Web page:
“It is a fascinating technology—not only the fastest but the greenest. Other bound metal technologies use a high degree of polymer binders that end up burning out when they go into a furnace, producing smell and waste,” explained ExOne’s Chief Marketing Officer, Sarah Webster. “At ExOne, we are all about ‘making metal green,’ especially because there is a phenomenal amount of waste produced from traditional metal part manufacturing every day. So, we are motivated to help make green, lightweight metal parts for industries that churn out thousands and millions of components, like automotive and aerospace. What this technology brings to the table is reduced waste in the manufacturing process, the ability to produce lighter weight designs in high volumes, and decentralized supply chains. We believe every country deserves to have metal manufacturing closer to home, reducing shipping and having better access to critical parts, and that is a big economic and sustainability benefit. But it also de-risks the supply chain for companies. Businesses are just beginning to tap these benefits, but we believe the beneficial impact of this technology can be sweeping.

“Metal Designlab can get customer started in bound metal and our Pro-line binder jet printers can get people all the way to full production where benefits can be tapped in large volumes.”

ExOne’s bound metal 3D printing technology has the capability to create complex parts. Image courtesy of ExOne.

Hartner believes that a new ExOne is taking shape. Aside from Designlab and the working relationship with Rapidia, which has been in the works for a while, the company has taken a different approach with its new printers, making them more modular and smarter, with Industry 4.0 features. ExOne material capabilities are unparalleled in binder jet, helping the company remain a leader in the field.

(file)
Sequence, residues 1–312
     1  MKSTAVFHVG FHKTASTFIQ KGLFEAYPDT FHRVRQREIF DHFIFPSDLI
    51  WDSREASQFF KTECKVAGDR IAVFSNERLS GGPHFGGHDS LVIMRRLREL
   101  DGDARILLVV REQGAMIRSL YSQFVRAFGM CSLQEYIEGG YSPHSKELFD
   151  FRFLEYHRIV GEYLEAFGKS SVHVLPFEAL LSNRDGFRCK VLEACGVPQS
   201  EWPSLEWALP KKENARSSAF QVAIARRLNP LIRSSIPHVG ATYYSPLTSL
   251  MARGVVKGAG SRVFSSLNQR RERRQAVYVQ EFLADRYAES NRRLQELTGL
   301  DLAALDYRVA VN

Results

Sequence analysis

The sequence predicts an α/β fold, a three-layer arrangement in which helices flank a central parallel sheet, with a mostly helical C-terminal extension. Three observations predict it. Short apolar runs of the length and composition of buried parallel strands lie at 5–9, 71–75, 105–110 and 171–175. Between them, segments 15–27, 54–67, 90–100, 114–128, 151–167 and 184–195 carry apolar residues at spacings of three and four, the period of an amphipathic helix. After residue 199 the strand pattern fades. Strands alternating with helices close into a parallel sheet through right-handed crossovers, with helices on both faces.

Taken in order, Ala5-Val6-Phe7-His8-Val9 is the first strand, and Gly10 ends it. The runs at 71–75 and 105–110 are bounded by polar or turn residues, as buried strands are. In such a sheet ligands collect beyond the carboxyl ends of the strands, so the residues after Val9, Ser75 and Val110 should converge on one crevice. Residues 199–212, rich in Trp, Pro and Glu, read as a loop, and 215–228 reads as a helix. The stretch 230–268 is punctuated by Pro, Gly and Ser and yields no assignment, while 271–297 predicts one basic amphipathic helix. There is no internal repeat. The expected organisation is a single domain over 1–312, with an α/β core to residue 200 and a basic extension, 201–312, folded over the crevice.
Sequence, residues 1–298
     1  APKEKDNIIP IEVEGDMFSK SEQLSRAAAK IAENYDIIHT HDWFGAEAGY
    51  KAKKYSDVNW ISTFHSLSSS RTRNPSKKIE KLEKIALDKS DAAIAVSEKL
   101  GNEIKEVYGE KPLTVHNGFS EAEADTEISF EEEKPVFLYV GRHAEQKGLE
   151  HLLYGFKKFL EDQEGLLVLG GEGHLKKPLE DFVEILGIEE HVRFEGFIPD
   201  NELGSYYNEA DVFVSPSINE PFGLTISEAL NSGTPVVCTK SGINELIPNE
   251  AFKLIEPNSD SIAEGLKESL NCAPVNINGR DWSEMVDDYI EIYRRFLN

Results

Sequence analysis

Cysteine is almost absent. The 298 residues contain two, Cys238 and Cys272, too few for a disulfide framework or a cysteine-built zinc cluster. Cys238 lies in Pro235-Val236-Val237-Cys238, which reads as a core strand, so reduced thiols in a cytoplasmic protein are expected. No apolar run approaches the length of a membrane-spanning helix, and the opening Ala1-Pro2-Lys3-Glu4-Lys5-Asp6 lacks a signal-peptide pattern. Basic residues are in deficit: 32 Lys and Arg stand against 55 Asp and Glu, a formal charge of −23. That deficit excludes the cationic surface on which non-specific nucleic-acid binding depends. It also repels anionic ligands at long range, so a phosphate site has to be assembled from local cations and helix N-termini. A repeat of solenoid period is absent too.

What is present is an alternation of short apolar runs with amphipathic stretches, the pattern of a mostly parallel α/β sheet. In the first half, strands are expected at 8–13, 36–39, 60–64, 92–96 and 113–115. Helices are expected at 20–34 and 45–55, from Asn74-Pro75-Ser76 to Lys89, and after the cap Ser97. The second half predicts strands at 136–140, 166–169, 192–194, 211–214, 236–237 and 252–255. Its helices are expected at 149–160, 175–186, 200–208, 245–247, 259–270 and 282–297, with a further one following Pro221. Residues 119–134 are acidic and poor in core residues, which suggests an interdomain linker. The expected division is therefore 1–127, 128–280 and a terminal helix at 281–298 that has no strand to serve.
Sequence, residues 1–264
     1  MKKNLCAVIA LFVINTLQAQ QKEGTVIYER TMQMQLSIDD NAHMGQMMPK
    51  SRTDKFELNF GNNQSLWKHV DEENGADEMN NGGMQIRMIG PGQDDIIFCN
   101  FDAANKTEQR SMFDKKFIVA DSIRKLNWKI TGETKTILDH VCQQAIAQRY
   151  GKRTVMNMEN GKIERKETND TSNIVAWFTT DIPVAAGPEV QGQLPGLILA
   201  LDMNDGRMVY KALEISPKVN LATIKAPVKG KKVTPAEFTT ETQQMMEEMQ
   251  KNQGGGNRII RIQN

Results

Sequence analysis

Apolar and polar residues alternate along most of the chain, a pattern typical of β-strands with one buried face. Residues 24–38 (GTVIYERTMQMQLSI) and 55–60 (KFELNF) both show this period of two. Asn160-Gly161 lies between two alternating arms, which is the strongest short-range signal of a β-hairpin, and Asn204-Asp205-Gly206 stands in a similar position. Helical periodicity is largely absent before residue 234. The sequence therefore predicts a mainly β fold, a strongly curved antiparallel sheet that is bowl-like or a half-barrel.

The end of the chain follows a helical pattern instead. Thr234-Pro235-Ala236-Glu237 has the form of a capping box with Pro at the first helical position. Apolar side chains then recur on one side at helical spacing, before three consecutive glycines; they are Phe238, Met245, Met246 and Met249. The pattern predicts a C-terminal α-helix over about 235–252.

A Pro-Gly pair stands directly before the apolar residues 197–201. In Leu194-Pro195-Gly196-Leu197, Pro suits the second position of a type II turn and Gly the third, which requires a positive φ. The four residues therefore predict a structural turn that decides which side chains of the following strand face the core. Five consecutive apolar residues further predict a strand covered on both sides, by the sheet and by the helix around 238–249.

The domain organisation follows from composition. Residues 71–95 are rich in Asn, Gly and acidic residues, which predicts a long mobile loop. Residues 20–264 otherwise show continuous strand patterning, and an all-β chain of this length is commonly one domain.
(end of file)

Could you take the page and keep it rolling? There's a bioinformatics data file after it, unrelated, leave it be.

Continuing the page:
“Suffice it to say, we’re a very energized company, putting meaningful, sustainable manufacturing technology into the market, expanding our reach across all metal production—from direct printed prototypes and parts to metal castings—and really intensifying the closeness of our relationships with longtime customers, who we’ve already been serving for years. We’re also expanding our reach in Asia, and our global marketing is better than ever. Our machines and message are very focused right now, and we have plans to take it further,” Hartner indicated.

SmarTech Analysis predicts that bound metal technologies are now expected to achieve close to twice the growth rate than the overall metal AM market over the next ten years. So, will bound metal technology accelerate the adoption of 3D printing? Webster believes so: “When we think of the metal 3D printing segment as a whole, what you had was more than a decade where laser 3D printing has been the dominant form of metal AM. Now, everyone is looking for an easier, cost-effective way to 3D print metal. Bound metal forms of 3D printing are a much easier and simpler route to form a part, and we believe this is going to ultimately increase adoption of metal 3D printing.”

ExOne has been looking to expand into bound metal technologies for a while. The strategic partnership with Rapidia was an ideal fit. The company is not new to collaborations though. Throughout the last decade, it has partnered with an impressive roster of big names across the manufacturing world, like Siemens, ANSYS, and Altair. With Rapidia, ExOne has a right of first refusal for majority ownership. It has incorporated Gelbart as a technology advisor and has an extended technology team with vast experience in the bound metal 3D printing market, so everyone is extremely excited about the new partnership.

“As we head out of COVID, we think the 3D market is going to continue shape-shifting a bit more, too, and we think more 3D companies will continue to get into binder jet 3D printing, where we’ve been leading the way for 20-plus years. But we plan to remain high-performance market leaders, and I think we’re going to grow in new ways, too. It’s just an invigorating time as global manufacturers to get more serious about sustainability and what our 3D technologies have to offer,” Hartner concluded.